Realistically, anything that gets your backups offsite, this can be as simple as backing up to an external hard drive, and backing that drive up to an additional external drive that you store in a safety deposit box or elsewhere. Additionally online backup services such as iDrive, Carbonite, or Amazon S3 are all reasonable solutions, however they take time to backup (2 of the 3 run on a schedule the other requires manual intervention) and unless you’re using a desktop most people will only crack open their laptop long enough to do what they want and put it back to sleep. The other option is the use a cloud based document storage solution.

What is the Cloud and Why Should I Backup There?

Loosely defined, the cloud is a software or service that is a web based solution, typically hosted in a large data center that meets major industry security standards, and more often than not is backed up redundantly to other data centers globally. Most of us carry multiple devices now, be it a smartphone, tablet, laptop, or desktop, I would venture to bet that you have at least 2 of the 3 if not all of the above. The four major cloud storage solutions we will discuss have apps for both desktop operating systems as well as common mobile operating systems. This allows you to access you data from any device seamlessly.

Which Cloud Storage Should I use and How Much Does it Cost?

While there are a multitude of cloud storage vendors out there, the most notable and commonly used 4 are Dropbox, Onedrive (formerly Microsoft Skydrive), Amazon Cloud Drive, and Google Drive. Fortunately in the arms race to attract more subscribers prices have continued to rapidly drop for cloud storage. While I will list prices below, the best bet is to check the vendor website before subscribing as prices will likely change. As to which vendor is the best choice, the answer is found in your current ecosystem and pricing needs.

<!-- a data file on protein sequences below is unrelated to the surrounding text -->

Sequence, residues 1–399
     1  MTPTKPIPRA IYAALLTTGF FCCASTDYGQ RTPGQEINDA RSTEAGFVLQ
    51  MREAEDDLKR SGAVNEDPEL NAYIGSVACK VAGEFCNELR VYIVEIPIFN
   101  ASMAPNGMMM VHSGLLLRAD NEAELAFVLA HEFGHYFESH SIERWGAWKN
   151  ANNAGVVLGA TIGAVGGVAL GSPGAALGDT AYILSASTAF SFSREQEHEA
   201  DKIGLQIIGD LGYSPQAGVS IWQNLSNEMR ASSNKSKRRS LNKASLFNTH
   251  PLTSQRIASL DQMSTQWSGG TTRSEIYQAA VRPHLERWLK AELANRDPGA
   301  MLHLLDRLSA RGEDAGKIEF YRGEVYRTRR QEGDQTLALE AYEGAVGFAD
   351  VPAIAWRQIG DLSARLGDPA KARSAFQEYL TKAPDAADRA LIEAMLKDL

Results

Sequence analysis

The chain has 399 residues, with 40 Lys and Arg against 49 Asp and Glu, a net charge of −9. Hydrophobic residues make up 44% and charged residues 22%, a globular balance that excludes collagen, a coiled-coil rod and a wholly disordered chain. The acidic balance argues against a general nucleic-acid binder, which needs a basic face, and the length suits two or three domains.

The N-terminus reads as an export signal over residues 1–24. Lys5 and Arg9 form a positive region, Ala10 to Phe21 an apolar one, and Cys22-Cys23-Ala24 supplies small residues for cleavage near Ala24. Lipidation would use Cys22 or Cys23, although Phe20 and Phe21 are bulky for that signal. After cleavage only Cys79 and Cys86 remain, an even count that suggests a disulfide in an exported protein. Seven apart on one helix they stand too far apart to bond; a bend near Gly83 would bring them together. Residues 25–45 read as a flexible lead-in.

Dropbox (

Dropbox is one of the most widely known names in cloud storage and has one of the larger subscriber bases. Dropbox is simple to install and use. To setup Dropbox simply go to and download Dropbox. After install, you will be prompted to sign in or create an account. Once your account is created a Dropbox folder will show up in your user folder as well as in your system tray (Windows) or titlebar (Mac). Using Dropbox is quite simple, the tutorial during install walks you through the basics of dragging and dropping your files into your Dropbox folder. If you have a smartphone, you are able to go to the app store to download the Dropbox app, which will allow you to view your Dropbox files on your mobile device, as well as the ability to turn on automatic photo upload (automatically uploads any new pictures you take with your phone/tablet to Dropbox)

Costs: 2GB free storage, 1TB=$9.99/month

OneDrive (

At the launch of Windows 8, Microsoft made the jump into the cloud storage business with SkyDrive. After some trademark issues with the name, Microsoft has rebranded the service to OneDrive. If you are currently running Windows 8 or 8.1 and have signed up for a Microsoft account, you will notice that OneDrive is already installed on your machine. Additionally if you opted to sign up for Office 365 (subscription based Microsoft Office), you are given 1TB of Onedrive space for free already. Additionally, Office 2013 allows you to save directly to OneDrive. If you are in this boat, this is probably your best value. Using OneDrive is simple, all you need to do is open windows explorer (click the folder icon on your taskbar) and click OneDrive on the left hand side of the window. Within OneDrive you can create folders, and simply drag and drop your documents, pictures, music, movies, etc and they will sync with OneDrive. Additionally if you have a smartphone or tablet with the OneDrive app installed, you are able to turn on automatic camera upload, which will automatically sync any pictures you take to OneDrive.